namespace primerLib {
void compute();
void compute(const void );
}
using primerLib::compute;
void compute(int);
void compute(double, double = 3.4);
void compute(char, char* = 0);
void f() {
compute(0);
}
//What happens if the using declaration is placed before the call point of the f function compute?

namespace primerLib  
{  
    void compute();//Infeasible  
    void compute(const void *);//Feasible, 0 - > null  
}  
using primerLib::compute;  
void compute(int);//Feasible, best match  
void compute(double, double = 1.1);//Feasible, int - > double  
void compute(char*, char* = 0);//Feasible, 0 - > null  
void f()  
{  
    compute(0);//Best match with compute(int) version  
}  
namespace primerLib{  
    void compute();//Infeasible, visible  
    void compute(const void *);//Feasible, 0 - > null, visible  
}  
void compute(int);//Feasible, invisible, hidden
void compute(double, double = 1.1);//Feasible, int - > double, hidden 
void compute(char*, char* = 0);//Feasible, 0 - > null, hidden
void f(){  
    using primerLib::compute;  
    compute(0);
}  

Exercise 18.21

Explain the meaning of the following statements. Are there any errors in them? If so, please point out and explain the cause of the error.

(a)class CADVehicle : public CAD, Vehicle{};
Cadvhicle inherits CAD publicly and Vehicle privately. Cadvhicle can get all the public and private methods of Vehicle, but it cannot be converted to the parameters of Vehicle. This is the "inaccessible" foundation. For example:

CadVehicle example;
void foo(Vehicle){/*do something*/};
foo(CADVehicle);//will not work, will work if Vehicle were public

(b)class DBList: public List,public List {/*do something*/};
Error because two attempts were made to derive from the same base class. If two different libraries or header files define the same named class, you need to use range resolution operators to specify, such as headerfile_name::List.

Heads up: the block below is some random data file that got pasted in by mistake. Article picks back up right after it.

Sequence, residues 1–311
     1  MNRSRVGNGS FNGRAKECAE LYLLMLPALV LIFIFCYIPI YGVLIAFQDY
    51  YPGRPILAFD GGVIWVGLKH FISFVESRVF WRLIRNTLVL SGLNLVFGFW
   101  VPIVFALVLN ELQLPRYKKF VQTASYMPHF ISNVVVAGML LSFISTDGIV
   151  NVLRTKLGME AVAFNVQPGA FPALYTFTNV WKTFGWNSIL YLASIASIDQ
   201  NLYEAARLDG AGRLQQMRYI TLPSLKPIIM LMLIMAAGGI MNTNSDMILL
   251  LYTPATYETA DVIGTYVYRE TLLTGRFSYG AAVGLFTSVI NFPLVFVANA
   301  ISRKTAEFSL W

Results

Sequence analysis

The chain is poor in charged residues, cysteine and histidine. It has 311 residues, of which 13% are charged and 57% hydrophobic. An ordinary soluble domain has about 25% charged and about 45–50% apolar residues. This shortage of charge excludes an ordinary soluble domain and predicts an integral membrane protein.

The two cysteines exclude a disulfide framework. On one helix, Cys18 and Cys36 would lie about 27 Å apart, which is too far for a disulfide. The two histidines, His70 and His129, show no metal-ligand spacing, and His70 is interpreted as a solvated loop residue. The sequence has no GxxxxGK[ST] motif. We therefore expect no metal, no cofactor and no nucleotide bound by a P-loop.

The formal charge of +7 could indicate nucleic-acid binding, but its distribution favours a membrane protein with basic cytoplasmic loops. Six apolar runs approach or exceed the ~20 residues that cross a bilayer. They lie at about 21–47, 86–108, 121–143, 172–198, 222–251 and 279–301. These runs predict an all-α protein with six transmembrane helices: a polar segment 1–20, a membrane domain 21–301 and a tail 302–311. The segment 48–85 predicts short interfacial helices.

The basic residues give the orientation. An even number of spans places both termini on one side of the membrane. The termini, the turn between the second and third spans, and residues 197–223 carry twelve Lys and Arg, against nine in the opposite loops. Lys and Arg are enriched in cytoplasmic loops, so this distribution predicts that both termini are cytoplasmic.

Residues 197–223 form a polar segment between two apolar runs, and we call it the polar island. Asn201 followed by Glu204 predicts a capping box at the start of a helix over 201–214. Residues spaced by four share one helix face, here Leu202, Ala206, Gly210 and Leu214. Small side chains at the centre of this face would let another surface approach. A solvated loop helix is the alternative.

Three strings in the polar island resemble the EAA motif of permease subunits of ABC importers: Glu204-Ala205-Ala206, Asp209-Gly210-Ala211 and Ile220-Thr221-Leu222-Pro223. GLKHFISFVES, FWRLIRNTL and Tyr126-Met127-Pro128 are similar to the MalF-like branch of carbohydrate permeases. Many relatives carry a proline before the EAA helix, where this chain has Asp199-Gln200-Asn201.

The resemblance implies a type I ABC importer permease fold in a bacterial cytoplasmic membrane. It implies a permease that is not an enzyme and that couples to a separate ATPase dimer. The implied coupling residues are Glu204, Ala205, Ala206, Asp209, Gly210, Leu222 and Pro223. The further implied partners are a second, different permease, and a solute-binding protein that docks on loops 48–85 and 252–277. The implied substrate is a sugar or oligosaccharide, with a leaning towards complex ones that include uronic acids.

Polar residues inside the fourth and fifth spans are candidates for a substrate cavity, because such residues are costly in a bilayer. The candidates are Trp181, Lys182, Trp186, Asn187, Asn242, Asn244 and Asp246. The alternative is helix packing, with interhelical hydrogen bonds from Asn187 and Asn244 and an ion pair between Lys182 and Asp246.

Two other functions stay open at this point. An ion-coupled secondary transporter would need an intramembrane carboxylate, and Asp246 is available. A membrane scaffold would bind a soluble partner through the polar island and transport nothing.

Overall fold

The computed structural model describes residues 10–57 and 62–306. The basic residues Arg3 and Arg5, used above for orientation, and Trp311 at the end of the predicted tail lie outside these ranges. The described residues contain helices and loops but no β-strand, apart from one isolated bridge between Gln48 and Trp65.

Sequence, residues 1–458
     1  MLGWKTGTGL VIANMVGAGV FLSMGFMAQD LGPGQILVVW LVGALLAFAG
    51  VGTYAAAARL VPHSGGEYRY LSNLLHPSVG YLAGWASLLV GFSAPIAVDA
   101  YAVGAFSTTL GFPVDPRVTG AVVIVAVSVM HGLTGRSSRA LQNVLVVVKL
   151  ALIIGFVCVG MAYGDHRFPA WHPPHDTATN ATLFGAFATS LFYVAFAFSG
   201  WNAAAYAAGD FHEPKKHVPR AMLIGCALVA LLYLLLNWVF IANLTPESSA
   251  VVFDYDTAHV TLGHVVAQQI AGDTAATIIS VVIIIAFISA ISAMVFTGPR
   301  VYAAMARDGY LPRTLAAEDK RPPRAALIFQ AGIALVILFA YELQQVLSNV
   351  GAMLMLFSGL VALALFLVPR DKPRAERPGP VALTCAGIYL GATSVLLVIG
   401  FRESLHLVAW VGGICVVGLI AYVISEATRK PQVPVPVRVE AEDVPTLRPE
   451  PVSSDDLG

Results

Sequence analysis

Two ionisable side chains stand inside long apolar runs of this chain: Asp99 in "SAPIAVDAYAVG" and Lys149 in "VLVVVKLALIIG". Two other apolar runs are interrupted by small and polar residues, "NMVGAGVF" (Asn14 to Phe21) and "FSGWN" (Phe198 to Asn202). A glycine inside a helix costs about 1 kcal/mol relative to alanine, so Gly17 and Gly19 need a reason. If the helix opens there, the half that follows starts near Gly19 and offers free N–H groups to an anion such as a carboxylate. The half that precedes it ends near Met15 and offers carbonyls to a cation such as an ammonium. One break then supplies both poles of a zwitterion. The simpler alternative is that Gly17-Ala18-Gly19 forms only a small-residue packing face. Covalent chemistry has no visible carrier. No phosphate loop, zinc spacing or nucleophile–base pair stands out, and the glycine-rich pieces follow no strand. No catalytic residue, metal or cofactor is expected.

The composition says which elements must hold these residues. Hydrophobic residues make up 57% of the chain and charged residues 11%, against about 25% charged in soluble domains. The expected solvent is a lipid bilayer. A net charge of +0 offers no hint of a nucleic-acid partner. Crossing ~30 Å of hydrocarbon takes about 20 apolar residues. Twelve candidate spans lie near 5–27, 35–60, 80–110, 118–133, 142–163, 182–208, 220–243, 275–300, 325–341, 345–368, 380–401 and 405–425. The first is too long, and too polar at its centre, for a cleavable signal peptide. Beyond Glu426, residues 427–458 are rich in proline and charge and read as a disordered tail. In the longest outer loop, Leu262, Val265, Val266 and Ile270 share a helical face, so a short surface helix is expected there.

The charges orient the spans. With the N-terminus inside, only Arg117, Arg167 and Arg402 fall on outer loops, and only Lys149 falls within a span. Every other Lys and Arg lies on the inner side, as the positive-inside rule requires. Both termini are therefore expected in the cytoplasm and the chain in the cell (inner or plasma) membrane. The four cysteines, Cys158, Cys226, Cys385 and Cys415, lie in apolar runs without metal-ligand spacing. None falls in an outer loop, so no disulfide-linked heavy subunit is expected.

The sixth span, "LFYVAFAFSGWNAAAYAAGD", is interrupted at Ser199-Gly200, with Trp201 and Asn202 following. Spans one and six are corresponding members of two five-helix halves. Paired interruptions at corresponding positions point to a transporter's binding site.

© class iostream: public istream, public ostream {/ * do something * /}; correct.

Exercise 18.22

It is known that there is an inheritance system for the following classes, where each class defines a default constructor:
class A {};
class B : public A{};
class C : public B{};
class X {};
class Y {};
class Z : public X, public Y {};
class MI : public C, public Z {};
class D : public X, public C{};
//What is the order in which constructors are executed for the following definitions?
MI mi;

The order in which base classes are constructed depends on the order in which they appear in the class derivation list. The structure is as follows: A, B, C, X, Y, Z, MI.

Exercise 18.23

Use the inheritance of exercise 18.22 and class D defined below, and assume that each class has a default constructor defined. Which class transformations are not allowed?
class D: public X, public c { ... };
D *pd = new D;
(a ) X *px = pd; (b ) A *pa = pd;
(c ) B *pb = pd; (d )C *pc = pd;

You can make a pointer or reference of an accessible base class point directly to a derived class object, but the pointer can only access the corresponding base class part or the base class part of the base class. So all transformations are allowed.

Exercise 18.24

P714, a series of calls are made by using a Bear pointer to execute the Panda object. Suppose we use a ZooAnimal pointer to the Panda object, please explain these call statements one by one.

ZooAnimal *pb = new Panda ("ying_yang");
pb->print();//Correct, belongs to ZooAnimal interface